Some friends of our swear by the front row. They march their entire family up to the first pew, and their children sit there like little saints. Being able to see what’s going on at the Altar can help young children appreciate Mass. The Altar is also often beautifully decorated, and many churches have stained glass windows or saint statues nearby, giving children plenty to look at and think about.
Being in the front hasn’t worked or us. We tend to occupy a pew somewhere in the back quarter of the church. I try to space the girls between my husband and I to keep them from distracting each other (which doesn’t always work so well now that we are outnumbered!). Being among the congregation, they know what’s going on by the responses everyone else is making. If we can see the front, I’ll point out what Father is doing, especially during the Consecration.
Getting involved can help young children appreciate Mass.
Last year, Sunshine heard Father announce that the choir was looking for new members. She looked up at my husband and said, “I can sing.” So they joined the choir together. Sunshine had just learned to read, and also knew how to read music from her violin lessons. She was the youngest member of the choir (and enjoyed the extra attention because of that!). Being in the choir also gave her a sense of purpose during Mass. She sat with the rest of the choir in the balcony and paid more attention to what was going on.
From my friends with sons, I’ve heard that being an altar server can similarly help. The boys (and girls, depending on your parish) go to regular practices to learn how to serve during Mass. They have to pay attention to know when their job is coming up. They are at the front of the church, where they can see everything. And they may be with friends or peers, who can inspire them to pay attention and serve well.
Getting involved in other ways helps as well. Our girls currently take catechism classes at our parish, so we are there during the week. We’ve also attended Mom’s Groups at various parishes. Once, we went to help with the church cleaning—even a toddler can wipe pews or straighten hymnals. The parish then becomes a place that is familiar and homey, rather than just an uncomfortable process to be endured on Sundays.
Saint stories inspire meaning to the Mass.
I’ve been a big fan of saints since before my conversion. I find that the stories of everyday men and women and children who have done great things for God really inspire me in my faith. We enjoy listening to the Holy Heroes’ Glory Stories in the van. Many of these stories deal with Mass and the Eucharist; the story of St. Maria Faustina talks about the importance of going to Sunday Mass, and the story of Bl. Imelda Lambertini illustrates one child’s thirst for Jesus in the Eucharist. Most of the saint stories talk about Mass, at some point or other, highlighting its’ centrality to our faith.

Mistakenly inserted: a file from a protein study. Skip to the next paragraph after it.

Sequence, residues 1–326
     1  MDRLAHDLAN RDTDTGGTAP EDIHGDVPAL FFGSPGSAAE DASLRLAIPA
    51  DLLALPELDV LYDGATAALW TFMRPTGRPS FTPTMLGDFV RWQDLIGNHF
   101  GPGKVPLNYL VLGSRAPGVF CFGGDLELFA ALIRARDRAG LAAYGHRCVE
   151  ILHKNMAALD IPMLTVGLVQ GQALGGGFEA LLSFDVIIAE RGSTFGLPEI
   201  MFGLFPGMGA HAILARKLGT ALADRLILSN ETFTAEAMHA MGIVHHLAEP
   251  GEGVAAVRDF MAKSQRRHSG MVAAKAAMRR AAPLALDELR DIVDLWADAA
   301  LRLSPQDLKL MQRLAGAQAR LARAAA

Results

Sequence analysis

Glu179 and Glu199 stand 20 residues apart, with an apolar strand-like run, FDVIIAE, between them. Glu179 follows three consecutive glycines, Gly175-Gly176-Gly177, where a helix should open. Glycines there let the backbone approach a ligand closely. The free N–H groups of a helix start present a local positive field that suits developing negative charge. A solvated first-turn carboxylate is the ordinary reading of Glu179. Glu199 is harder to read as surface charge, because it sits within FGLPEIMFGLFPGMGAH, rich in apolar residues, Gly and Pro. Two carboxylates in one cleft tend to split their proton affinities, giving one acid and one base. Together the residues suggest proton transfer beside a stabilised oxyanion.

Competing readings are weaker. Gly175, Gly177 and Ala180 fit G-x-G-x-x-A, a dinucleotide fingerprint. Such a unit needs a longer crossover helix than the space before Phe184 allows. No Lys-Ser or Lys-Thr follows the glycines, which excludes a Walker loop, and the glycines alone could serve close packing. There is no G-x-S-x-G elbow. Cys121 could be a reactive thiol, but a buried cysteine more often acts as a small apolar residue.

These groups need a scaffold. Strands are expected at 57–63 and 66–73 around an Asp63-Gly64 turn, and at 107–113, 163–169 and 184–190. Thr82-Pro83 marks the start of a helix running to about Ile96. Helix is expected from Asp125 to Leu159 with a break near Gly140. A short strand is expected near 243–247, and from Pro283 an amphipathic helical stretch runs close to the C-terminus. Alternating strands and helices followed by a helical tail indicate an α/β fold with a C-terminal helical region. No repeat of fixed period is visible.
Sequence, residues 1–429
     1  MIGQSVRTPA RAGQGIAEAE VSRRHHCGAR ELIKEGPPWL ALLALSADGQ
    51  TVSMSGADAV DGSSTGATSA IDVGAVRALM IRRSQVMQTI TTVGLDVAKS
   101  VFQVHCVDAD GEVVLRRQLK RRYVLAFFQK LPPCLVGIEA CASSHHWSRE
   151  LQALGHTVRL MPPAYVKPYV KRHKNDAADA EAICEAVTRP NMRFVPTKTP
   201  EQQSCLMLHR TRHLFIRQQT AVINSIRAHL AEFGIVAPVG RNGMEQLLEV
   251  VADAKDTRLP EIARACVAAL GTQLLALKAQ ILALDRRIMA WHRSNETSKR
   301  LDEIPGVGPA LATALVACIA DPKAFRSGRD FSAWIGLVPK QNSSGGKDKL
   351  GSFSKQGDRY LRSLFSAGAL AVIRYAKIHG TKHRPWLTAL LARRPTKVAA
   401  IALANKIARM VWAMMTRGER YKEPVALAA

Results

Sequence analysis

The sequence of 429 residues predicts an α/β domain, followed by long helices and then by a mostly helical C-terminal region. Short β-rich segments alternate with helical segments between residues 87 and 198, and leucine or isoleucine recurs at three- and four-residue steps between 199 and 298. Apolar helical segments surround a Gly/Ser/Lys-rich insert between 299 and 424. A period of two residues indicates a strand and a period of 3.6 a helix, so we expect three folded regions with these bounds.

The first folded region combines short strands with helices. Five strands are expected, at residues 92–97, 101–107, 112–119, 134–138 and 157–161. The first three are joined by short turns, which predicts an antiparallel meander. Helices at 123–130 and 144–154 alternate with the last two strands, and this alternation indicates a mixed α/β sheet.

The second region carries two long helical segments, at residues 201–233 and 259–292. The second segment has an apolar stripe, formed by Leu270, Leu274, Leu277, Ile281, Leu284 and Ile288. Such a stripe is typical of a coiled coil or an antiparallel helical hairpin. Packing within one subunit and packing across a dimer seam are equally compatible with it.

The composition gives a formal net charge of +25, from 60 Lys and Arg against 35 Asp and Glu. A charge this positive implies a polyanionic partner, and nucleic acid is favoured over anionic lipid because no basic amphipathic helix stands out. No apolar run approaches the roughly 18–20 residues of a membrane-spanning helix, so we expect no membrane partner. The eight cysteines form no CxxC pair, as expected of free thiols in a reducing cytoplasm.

This year in history, we are studying the era from Jesus’ death to about 1000 AD. That’s a great era for saints! We’ve read stories about the martyrs who died rather than offer incense to false gods, and about the bishops and priests who defended the faith against heresy. I’ve been amazed at how much the girls get out of these stories, but stories are a great learning tool. Attaching a lesson to a story, or a specific, memorable person, helps the child hold onto and internalize that lesson.
Last week as we were walking back from dropping Sunshine off at dance class, Jade paused at the corner by the church. “Let’s say hi to Mary,” she said, turning her bike toward our parish. I called Lily back and we went the block out of our way to the church. The doors were, of course, locked at that time in the afternoon, and our church unfortunately doesn’t have a grotto outside. We simply knelt by the doors and said, “Hi Jesus. Pray for us, Mary.” Then we continued our walk. Yet again, it reminded me how much our children are learning. Living close to our church opened up an opportunity for that small gesture of faith.
So may I encourage you that, even when you don’t think your children are learning or paying attention during Mass, that they are soaking up more than you think. You can help young children appreciate Mass, and I hope that what I’ve shared helps your family find ways to do that.
What helps you help young children appreciate Mass?